Practice transformation groups: Improve engagement, outcomes

Richard Whittaker, MD, Chief Medical Officer, WellMed


Seeing relationships between clinicians and patients as crucial to wellness, and with a vision for improving health care delivery for seniors, Dr. George Rapier III founded WellMed in 1990.

Using the WellMed Care model, which adopts the philosophies of Accountable Care, WellMed, part of Optum, continuously strives to improve quality and lower costs.

With a strong focus on primary and preventive care while using advanced informatics, WellMed supports the attainment of high-quality outcomes, i.e., healthier patients. 

WellMed has recently been recognized by The Joint Commission, the nation’s oldest and largest health care standard-setting and accrediting body, as an accredited Primary Care Medical Home and have been awarded the Gold Seal of Approval for Ambulatory Care.

Conceived in 1990 by founder and current chairman George Rapier, MD, WellMed entered the market with a model of employed physicians highly engaged in evidence-based medicine and providing excellence in patient care. 

With clinician engagement at the core of their business, WellMed found success by providing the right care for the right patient in the right setting at the right time.

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Growth and opportunity

Aligning itself with Optum Care in 2011, WellMed had the great opportunity to reach more patients with our brand of high-quality care. In addition to our patient population growth spurt, our network of primary care providers (PCPs) diversified. 


Our clinician team shifted from near 100% employees to 70% contractors.

Integrating contracted PCPs into the WellMed model, driven by provider engagement, called for a reproducible, evidence-based approach.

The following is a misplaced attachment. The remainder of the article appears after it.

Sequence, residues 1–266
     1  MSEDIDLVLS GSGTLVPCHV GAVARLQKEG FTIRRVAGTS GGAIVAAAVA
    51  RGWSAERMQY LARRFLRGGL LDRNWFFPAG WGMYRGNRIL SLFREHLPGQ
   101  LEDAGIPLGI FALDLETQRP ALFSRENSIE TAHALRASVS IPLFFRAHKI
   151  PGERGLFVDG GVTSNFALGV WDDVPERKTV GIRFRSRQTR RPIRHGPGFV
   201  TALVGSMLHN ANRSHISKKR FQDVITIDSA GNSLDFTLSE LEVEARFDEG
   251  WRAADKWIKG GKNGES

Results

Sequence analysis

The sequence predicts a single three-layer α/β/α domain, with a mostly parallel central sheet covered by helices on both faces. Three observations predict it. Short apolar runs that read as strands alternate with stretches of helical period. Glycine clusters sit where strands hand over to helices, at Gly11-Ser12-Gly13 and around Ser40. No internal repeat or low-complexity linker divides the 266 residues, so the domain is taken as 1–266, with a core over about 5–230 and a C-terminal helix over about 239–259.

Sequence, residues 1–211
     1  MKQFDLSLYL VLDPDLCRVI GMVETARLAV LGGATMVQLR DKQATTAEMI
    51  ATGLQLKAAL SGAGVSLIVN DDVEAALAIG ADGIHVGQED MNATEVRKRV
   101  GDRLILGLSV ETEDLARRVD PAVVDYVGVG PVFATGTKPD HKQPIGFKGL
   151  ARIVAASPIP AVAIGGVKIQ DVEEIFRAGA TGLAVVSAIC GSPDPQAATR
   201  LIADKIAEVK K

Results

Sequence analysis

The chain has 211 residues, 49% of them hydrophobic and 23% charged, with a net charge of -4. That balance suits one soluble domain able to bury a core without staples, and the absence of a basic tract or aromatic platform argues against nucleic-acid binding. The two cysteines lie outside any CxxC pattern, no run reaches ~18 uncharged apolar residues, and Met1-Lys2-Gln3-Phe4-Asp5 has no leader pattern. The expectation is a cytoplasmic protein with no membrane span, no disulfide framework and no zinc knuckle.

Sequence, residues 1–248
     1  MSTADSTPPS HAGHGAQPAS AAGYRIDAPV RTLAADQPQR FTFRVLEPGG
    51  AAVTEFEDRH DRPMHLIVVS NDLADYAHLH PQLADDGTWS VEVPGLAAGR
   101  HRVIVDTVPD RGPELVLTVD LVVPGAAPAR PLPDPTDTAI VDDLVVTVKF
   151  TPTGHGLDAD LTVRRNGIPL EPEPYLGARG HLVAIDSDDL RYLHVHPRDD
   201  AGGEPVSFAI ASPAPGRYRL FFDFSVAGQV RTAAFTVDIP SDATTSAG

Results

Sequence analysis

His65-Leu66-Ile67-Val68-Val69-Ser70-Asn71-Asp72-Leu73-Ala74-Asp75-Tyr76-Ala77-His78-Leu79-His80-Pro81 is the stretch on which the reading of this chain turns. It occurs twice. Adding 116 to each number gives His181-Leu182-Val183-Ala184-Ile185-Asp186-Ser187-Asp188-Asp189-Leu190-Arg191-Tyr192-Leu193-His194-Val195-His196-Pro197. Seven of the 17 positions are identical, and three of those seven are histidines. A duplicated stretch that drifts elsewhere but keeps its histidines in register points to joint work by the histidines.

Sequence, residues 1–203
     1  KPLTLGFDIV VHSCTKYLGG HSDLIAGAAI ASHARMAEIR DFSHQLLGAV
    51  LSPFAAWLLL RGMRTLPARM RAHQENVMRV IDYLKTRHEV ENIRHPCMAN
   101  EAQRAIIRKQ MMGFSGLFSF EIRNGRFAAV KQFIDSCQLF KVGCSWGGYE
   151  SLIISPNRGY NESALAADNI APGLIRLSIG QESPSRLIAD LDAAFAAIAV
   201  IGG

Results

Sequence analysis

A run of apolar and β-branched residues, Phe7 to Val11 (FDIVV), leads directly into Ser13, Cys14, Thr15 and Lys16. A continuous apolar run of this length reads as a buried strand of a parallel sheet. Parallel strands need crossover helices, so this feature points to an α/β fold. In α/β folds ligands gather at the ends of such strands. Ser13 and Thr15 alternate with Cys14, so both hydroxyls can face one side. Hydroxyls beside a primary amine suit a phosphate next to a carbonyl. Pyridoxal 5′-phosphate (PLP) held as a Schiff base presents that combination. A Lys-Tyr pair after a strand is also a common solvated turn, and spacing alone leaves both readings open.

The tried and true management approach “4DX,” outlined in the book The 4 Disciplines of Execution by Chris McChesney, Sean Covey and Jim Huling, provided the systematic approach for smooth transitioning to value-based outcomes.

Reliable change

The leadership team focused on the four important concepts of the 4DX method:

  • First, focus on the “wildly important goals” (WIGs) you wish to improve upon.  These are the small number of critical items that are most important to your organization’s success.
  • Second, focus on highly controllable “lead measures” that you must improve to achieve your wildly important goals.
  • Third, develop a compelling team scoreboard.
  • Fourth, ensure a cadence of accountability — meeting regularly to review the scoreboard, improve accountability for lead metric performance, and recognize improvements and setbacks.  

The “wildly important goal (WIG)”

Our strategic WIG was “reducing the readmission rate of high-risk transition patients in our contracted network.” Four rigorously studied, evidence-based clinical interventions would be the vehicles by which we got there.

  • Early contact with patients after discharge from hospital, defined as “three-day telephonic contact”
  • A “seven-day follow up visit with the patient’s PCP”
  • “Medication reconciliation”, a post-hospital review of patient medications